St. Clair and Fredericks: Trends are not as common in our industry as they were several years ago where a popular product or ingredient such as MSM would be the buzz. Today were seeing more substantiation, support and studies being done to preserve and keep a material or product verified. As more studies are done on specific supplements, we find more customers looking for manufacturers they can trust to withstand the rigor of scientific review. As a result, we have seen an increase in specialty formulations influenced by the medical community, which has grown more receptive to nutritional supplementation. Those customers appreciate the QC processes and standards we implement, and inspire us to continually review our methods so that we can provide new and efficient solutions for their manufacturing needs.

Nena Dockery, director of technical services, National Enzyme Co.: In many ways, the market trends in dietary supplements reflect the current research and actions within the pharmaceutical and overthe- counter (OTC) markets. For example, there is continued interest and growth in menopausal support products in reaction to the negative research surrounding hormone replacement therapy. Likewise, there continues to be strong support for effective weight management products, especially those products that do not contain ephedra. With recent research indicating that the number of individuals being diagnosed with Type II diabetes is increasing dramatically, the demand for exercise programs, diets and supplements to aid in weight management will continue. Also, as the number of older individuals increases, there will continue to be a strong demand for products that help to maintain a healthy lifestyle well past middle age. Included in this area are antioxidant formulas, anti-inflammatories, products that support eye health and brain health, and cardiovascular support products. Finally, because of our stressful lifestyles, the number of individuals experiencing gastrointestinal problems is skyrocketing. The competition within the pharmaceutical industry for safe and effective products is tremendous, and the demand for supplements that aid in digestion and provide an alternative to these drugs will continue to grow.

Kaufman: The glucosamine/chondroitin market is still very active and represents a significant portion of our industry as a whole. More people are interested in essential fatty acid (EFA) formulations. There is more research being performed on botanicals and the herbal segment of our industry is a hot, growing segment. Green foods is another very hot segment. It is a significant portion of what were doing here.

Barber: The high-protein, low-carb trend is certainly influencing supplements in traditional and powdered forms. These can be found in meal replacement drinks and in mixes targeting the fitness industry.

What are some of the specific challenges in manufacturing with natural and whole food ingredients?

St. Clair and Fredericks: Due to the natural aspect of many of these products, variation can be expected. For instance, with herbals, crops can be harvested in different locations at different times of the year, resulting in minor differences in material. It is important to work with a manufacturer that is familiar with these products and has reliable sources that can provide consistency. Every ingredient received by ANS is tested in-house upon receipt so we can ensure the products we manufacture are what they are purported to be. In addition, with nutritional supplements, we see many more complex formulas with multiple ingredients. It is important to work with a manufacturer that is familiar with the different materials and how they might react with one another so that product integrity can be preserved. In some instances, it may be necessary to separate ingredients in a formula and create two separate dosage formsin others, additional processing may be necessary in order to create a single product that will meet specifications.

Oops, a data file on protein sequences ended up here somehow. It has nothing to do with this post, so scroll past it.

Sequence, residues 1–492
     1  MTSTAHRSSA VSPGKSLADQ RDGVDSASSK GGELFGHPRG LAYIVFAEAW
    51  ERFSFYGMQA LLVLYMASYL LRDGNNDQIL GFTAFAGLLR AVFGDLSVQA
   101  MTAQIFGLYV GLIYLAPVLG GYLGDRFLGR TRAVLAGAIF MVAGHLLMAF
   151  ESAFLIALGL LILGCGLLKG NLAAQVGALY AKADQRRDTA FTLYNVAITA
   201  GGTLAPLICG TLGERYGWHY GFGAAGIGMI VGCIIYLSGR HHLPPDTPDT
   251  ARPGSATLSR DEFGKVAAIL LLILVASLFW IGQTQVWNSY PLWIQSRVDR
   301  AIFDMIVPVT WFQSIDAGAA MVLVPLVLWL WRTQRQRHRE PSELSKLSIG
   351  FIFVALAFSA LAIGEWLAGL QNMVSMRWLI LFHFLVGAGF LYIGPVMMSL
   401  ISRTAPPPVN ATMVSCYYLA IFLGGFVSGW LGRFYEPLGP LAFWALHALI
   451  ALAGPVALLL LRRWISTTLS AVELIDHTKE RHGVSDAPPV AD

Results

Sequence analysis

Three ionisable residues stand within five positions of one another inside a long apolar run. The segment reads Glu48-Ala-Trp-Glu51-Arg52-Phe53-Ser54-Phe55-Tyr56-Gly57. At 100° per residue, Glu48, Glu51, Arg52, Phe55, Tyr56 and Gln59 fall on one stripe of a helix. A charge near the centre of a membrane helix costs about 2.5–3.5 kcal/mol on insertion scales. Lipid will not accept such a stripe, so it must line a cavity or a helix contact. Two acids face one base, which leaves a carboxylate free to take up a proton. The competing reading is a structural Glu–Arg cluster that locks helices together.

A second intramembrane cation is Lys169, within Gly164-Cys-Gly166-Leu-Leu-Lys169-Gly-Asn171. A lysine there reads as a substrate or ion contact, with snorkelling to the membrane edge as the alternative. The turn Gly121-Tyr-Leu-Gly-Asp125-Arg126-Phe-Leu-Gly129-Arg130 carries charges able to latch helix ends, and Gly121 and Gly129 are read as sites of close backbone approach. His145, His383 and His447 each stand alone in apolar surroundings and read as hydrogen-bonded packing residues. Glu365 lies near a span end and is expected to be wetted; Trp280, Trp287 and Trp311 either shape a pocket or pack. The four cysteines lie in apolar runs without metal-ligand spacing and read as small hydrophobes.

Raymond: There is the issue of consistent material supply as well as consistent quality of materials. Another issue is how to attain proper dosing in a reasonable dosage form.

Cox: Maintaining product form of a whole food ingredient requires specialized processing equipment and experience to accomplish proper mixing, pasteurization, and maintain product appearance. This is a primary reason why some customers work with contract manufacturers such as DKSH.

Is there increased interest in vegetarian options and, if so, how are you meeting that need?

Gilinski: We were the second in the world to manufacture vegetable capsules and the first to manufacture time-release herbal supplements.

Kaufman: I think that more people are looking to have vegetarian or vegetarian-source capsules in terms of hardshell capsules. Vegetarian is a significant portion of what were doing in two-piece hardshell work. Sales of vegetable capsules are on the rise and gelatin capsules are declining. There is a premium associated with vegetablesource capsules, depending on the segment of the market one is looking to address and the distribution channel one has. Some are, some arent. There are consumers who are very vegetarian oriented who like to stay away from animal-based products and prefer a vegetable-type capsule. Other segments of the market dont care one way or the other.

Davidson: The interest in vegetarian product options continues to increase. National Enzyme Co. has developed non-animal enzyme alternatives to animal derived enzymes. Vegetable capsules are available to make a completely vegetarian enzyme product in capsule form.

Hide comments
account-default-image

Comments

  • Allowed HTML tags: <em> <strong> <blockquote> <br> <p>

Plain text

  • No HTML tags allowed.
  • Web page addresses and e-mail addresses turn into links automatically.
  • Lines and paragraphs break automatically.
Publish